GI Stasis (Gastrointestinal Stasis)

Stress, dehydration, poor diet, pain and/or intestinal blockage can cause GI Stasis. GI Stasis is when a rabbit’s digestive tract stops moving. If your rabbit doesn’t poop for 12 hours or only poops very tiny pellets, then your rabbit may be in serious trouble. GI Stasis can kill a rabbit very quickly and only a qualified rabbit veterinarian can save his or her life.

If you suspect GI Stasis contact your rabbit vet ASAP.

Size of breed affects life expectancy

The size and breed of your rabbit will have a significant affect on his or her lifespan. The larger the breed, the shorter the lifespan.

  • Flemish Giants – The largest breed of rabbit weighing in at 19 to 22 pounds. Flemish giants live to about 8 years of age.
  • Netherland Dwarf – The smallest breed of rabbit weighing only 2 pounds or so can live up to 12 years.

As you can see there is a four-year difference in their life expectancy.

Neutering and spaying

Numerous benefits will come from having your rabbit fixed or neutered/spayed. Male and female rabbits that are fixed at the appropriate age will live longer on average. Your rabbit will also have a decreased risk for certain cancers and a decreased risk of urinary tract infections.

Having your rabbit fixed can also improve their behavior and temperament. Males (bucks) will be less likely to or stop spraying urine and females (does) will become easier to handle.

Male rabbits can be neutered at 4 months of age and females can be spayed 5 months of age. If your rabbit is over four years old, it may not be safe to have them fixed.

Diet and nutrition

An unbalanced or poor diet can lead to a shorter life expectancy as well as cause behavioral problems. A rabbit’s digestive tract is made to process a high fiber, low protein diet. Following these diet and nutrition guidelines will allow your pet rabbit to live longer and happier.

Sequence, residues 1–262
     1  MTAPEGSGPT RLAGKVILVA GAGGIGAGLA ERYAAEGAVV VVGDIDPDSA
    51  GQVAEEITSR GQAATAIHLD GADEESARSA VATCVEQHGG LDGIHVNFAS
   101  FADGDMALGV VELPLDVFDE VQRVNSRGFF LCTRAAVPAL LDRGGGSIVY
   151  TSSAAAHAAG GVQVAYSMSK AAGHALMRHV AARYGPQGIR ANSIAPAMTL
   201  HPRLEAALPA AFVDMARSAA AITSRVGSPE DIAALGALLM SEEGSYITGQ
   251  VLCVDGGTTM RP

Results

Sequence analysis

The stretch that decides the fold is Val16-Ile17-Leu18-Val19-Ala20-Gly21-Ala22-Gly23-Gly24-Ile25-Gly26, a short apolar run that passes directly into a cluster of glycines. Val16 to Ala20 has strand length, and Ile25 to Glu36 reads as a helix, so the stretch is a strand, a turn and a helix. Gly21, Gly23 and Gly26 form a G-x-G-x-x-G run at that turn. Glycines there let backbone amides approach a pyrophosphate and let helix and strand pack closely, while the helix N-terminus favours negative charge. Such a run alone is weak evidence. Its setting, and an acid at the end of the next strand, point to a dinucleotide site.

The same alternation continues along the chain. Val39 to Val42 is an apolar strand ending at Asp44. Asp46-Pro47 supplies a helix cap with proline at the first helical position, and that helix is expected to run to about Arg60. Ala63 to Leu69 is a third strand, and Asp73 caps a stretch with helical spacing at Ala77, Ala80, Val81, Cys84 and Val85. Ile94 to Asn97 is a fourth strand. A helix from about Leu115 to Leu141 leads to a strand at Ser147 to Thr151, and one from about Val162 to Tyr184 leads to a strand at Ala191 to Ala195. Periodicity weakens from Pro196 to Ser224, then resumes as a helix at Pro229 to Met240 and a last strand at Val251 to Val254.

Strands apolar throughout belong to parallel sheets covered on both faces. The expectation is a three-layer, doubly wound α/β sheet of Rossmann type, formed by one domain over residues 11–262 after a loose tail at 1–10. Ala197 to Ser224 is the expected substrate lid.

Some common diet mistakes made by rabbit owners include the following.

  • You never want to feed an adult rabbit alfalfa hay because it will lead to health issues and obesity Hay is the most important food for your rabbit, to be specific timothy hay. Fresh hay should be offered to your rabbit in unlimited quantities. A quality hay will increase how long your pet rabbit will live.
  • There are several poor-quality pellets on the market. Stay away from ones that have corn, seeds and and/or nuts in them. Pellets are an important part of your rabbits’ diet but be careful about the quality. You want a pellet that is timothy based and has at least 18% fiber. Feed at a rate of about a 1/8th cup per four pounds of body-weight for an adult rabbit.
  • Root vegetables and non-leafy vegetables should be fed in moderation. Leafy greens are part of a healthy diet that will help your pet rabbit live a long life. Choose leafy greens like dark lettuce, cilantro and kale.
  • Fruits make a great treat for your rabbit and only should be fed at a rate of 1 or 2 teaspoons per two pounds of body weight. Never feed your rabbit bread or other wheat based products.